What's with the dry mouth?
When I smoke a cigar, sometimes it makes my mouth terribly dry. Why is that?
Posted: January 14, 2013
A lack of balance.
Certain tobaccos dry the mouth, such as olor, a variety of filler tobacco grown in the Dominican Republic. In a seminar one year at the Las Vegas Big Smoke, Davidoff cigarmaker Hendrik Kelner passed out cigars made entirely of olor (save for the wrapper) to show how an out-of-balance smoke tastes. "It makes your mouth dry," he said, "and God made your mouth to work wet." A cigar containing too much olor, he explained, has a drying effect on the palate.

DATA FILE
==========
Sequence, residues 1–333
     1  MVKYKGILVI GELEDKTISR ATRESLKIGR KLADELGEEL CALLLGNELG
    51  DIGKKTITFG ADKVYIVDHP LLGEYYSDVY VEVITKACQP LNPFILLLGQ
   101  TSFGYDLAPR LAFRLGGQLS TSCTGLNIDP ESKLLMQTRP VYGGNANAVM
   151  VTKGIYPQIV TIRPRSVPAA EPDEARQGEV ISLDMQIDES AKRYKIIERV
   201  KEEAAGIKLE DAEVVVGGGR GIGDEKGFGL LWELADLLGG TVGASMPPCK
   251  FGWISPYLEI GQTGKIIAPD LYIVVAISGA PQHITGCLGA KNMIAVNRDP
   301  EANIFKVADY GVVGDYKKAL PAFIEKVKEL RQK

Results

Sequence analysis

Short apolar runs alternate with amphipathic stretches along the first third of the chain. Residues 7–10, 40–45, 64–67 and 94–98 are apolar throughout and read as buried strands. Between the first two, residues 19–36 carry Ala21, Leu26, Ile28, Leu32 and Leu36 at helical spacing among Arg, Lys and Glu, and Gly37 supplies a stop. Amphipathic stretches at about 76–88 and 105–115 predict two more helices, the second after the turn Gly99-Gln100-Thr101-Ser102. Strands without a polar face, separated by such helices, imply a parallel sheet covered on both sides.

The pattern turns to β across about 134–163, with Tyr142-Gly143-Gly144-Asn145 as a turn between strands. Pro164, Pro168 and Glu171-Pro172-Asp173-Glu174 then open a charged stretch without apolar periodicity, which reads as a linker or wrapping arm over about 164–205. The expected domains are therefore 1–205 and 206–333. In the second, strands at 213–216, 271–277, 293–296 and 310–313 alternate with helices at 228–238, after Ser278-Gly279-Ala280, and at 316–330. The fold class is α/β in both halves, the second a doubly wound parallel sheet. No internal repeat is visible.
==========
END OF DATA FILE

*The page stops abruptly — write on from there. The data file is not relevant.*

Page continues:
Olor triggers the salty region of the tongue, drying the mouth, while a tobacco such as Dominican San Vicente stimulates the production of saliva. Many cigarmakers strive to create a balanced, complex cigar made with a variety of tobaccos, which stimulate different areas of the tongue.
Of course, even smoking the most balanced of blends is a thirsty business, and there's no shame in quenching that thirst, so long as you make the proper choice. We suggest you spend some time in our Drinks section, perusing the proper pairings of libation and cigar.
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